By Jim Siegel
A member of the Ohio Senate's GOP leadership team is drawing fire after questioning whether his opponent, a woman with young children, could handle being away from home while serving in the state legislature.
Sen. Tom Patton, R-Strongsville, a term-limited, pro-labor Republican who is running for a House seat this year, called Jennifer Herold, his primary opponent, "sweetie" and questioned whether she should run for the seat. He made the comments on the Jan. 18 America's Work Force radio show with Ed Ferenc.
Patton, the Senate majority floor leader, is facing Herold in the Republican primary for the 7th House District. He told Ferenc it's the first primary challenge he has faced since 2002.
"The gal that's running against me is a 30-year-old, you know, mom, mother of two infants," Patton said on the show. "I don't know if anybody explained to her you have to spend three nights a week in Columbus. So, how does that work out for you? I waited until I was 48, until my kids were raised, and at least adults, before we took the opportunity to try."
Herold, who has children aged 1 and 3, said the decision to run for the House was one she and her family took very seriously.
"We realize the sacrifice that is involved in holding such a position," she said in a written response. "However, Tom Patton has crossed a line by trying to turn the fact that I am a mother of two children into a negative campaign issue. It's insulting for my opponent to suggest that motherhood is a liability. In fact, my experience as a mom is perhaps my greatest strength."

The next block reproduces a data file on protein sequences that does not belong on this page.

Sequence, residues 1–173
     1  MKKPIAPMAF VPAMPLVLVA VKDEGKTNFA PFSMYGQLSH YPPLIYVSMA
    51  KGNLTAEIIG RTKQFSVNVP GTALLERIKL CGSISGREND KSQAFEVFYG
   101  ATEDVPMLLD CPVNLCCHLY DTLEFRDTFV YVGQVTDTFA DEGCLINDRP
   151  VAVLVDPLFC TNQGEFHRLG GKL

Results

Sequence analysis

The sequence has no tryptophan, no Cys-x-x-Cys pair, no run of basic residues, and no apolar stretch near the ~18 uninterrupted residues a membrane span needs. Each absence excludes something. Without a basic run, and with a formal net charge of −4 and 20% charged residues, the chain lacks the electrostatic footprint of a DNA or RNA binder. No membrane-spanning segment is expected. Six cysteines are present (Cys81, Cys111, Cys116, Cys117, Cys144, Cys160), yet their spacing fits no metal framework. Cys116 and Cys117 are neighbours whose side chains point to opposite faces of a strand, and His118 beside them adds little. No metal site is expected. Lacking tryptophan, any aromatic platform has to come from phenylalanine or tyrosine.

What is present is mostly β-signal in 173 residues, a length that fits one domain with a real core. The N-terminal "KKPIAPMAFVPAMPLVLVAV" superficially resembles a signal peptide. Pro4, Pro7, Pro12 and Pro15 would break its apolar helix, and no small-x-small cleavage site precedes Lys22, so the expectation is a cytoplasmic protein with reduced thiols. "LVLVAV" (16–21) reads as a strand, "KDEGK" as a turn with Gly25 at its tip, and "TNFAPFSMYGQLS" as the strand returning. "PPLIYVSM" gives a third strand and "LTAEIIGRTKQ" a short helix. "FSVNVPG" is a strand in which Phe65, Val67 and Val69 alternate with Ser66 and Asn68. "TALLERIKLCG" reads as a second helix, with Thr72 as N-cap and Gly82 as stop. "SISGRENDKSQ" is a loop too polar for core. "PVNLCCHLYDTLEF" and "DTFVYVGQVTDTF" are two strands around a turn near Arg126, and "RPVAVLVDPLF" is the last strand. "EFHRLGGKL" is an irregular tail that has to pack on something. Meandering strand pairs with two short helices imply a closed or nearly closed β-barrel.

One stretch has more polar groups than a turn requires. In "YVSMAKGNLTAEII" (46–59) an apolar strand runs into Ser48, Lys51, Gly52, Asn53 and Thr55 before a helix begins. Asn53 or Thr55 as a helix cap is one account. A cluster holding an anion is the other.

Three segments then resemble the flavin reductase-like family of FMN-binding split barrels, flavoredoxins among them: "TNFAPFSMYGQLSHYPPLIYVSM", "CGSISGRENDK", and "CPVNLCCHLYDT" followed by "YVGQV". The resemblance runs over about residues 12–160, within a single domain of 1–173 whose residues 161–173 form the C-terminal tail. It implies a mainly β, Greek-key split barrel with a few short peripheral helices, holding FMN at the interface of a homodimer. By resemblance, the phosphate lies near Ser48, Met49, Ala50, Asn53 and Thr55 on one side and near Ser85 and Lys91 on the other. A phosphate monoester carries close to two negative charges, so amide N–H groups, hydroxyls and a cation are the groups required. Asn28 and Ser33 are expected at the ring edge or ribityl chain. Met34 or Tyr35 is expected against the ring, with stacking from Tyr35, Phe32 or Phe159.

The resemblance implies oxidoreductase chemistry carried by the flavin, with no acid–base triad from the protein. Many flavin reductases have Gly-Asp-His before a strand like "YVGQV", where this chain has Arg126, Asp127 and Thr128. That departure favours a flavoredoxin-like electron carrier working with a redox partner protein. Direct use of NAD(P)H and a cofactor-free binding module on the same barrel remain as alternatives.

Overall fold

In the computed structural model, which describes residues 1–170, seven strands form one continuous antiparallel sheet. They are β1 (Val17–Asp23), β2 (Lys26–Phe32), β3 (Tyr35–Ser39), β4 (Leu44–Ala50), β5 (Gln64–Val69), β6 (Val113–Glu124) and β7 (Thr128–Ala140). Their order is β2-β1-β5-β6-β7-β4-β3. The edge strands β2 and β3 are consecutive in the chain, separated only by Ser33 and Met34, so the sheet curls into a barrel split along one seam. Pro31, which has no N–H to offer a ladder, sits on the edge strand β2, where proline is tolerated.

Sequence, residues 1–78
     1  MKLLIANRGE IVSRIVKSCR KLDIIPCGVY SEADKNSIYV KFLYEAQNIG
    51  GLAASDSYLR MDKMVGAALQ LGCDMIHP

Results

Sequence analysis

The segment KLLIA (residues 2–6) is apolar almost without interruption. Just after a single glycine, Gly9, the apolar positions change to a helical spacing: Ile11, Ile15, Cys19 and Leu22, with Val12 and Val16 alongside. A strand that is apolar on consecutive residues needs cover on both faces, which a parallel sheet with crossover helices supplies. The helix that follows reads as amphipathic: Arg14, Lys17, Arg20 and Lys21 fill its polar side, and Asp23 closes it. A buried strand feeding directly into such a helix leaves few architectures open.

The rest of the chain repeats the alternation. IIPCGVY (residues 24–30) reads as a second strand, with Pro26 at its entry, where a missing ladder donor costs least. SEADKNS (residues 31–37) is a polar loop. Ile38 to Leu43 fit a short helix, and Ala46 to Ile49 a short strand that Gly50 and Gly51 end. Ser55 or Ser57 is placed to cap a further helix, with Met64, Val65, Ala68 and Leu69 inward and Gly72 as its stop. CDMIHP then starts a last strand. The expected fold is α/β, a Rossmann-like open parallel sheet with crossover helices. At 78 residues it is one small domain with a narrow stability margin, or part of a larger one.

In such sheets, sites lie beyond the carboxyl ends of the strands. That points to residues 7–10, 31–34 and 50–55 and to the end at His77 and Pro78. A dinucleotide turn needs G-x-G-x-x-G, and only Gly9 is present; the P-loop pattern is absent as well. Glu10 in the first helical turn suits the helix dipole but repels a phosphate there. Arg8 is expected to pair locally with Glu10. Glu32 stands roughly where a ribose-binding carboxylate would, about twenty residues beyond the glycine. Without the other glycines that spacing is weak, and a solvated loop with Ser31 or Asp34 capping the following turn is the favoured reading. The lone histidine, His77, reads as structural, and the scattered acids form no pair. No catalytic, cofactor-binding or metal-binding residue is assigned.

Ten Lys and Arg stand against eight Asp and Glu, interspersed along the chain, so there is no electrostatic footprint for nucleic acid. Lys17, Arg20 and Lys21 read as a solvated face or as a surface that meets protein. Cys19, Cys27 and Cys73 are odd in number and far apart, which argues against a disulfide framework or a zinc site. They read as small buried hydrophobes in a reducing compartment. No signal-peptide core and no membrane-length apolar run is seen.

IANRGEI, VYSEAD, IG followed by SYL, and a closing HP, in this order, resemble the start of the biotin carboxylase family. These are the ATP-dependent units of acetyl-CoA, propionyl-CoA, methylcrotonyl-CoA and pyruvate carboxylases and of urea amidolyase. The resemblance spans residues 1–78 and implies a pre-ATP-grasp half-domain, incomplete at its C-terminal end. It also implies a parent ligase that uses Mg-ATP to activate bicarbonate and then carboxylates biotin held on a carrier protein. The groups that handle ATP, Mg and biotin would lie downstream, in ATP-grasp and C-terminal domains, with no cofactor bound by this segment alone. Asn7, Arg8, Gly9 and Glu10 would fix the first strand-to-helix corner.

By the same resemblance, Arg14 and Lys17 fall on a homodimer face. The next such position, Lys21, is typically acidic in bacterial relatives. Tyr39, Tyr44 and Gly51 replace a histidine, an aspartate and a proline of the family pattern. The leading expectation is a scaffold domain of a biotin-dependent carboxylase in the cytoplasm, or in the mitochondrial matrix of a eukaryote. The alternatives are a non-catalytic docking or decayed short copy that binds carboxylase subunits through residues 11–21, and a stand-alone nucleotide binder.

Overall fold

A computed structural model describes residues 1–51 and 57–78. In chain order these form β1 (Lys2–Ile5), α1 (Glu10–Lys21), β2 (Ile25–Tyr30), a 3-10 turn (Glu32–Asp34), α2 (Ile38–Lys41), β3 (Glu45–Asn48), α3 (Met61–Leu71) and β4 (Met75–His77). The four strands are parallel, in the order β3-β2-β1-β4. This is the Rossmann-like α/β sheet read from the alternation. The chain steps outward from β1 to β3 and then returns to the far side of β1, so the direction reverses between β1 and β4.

A number of female legislators have children, as do numerous males -- including Gov. John Kasich. Reps. Christie Kuhns, D-Cincinnati, and Christina Hagan, R-Alliance, gave birth to babies this session. Hagan bought her baby daughter to the Statehouse on Tuesday.
"Do you draw a distinction between whether that representative is a mother or a father who is serving?" Herold said.
Rob Frost, chairman of the Cuyahoga County Republican Party, defended Patton in an interview on Thursday with Cleveland radio host Bob Frantz.
"No, these are not sexist or out-of-line comments," Frost said, adding that Herold was " desperate to try to get some attention."
As a widower who raised five daughters and a son, Frost said Patton "understands the pressures on parents."
Patton did not return a message left with his office. He sent a statement to the "Plain Dealer" of Cleveland saying his comments "appear to have been misunderstood" and that he "used a poor choice of words to express what I know first-hand -- raising young children and working is tough."
He added: "I sincerely apologize if my words were misplaced on this matter."
Herold also took issue with Patton calling her "sweetie."
"Tom, only one man in my life is allowed to call me 'sweetie.' From now on, I respectfully ask you to refer to me as Jen, Jennifer, Ms. Herold, or your opponent."
(c)2016 The Columbus Dispatch (Columbus, Ohio)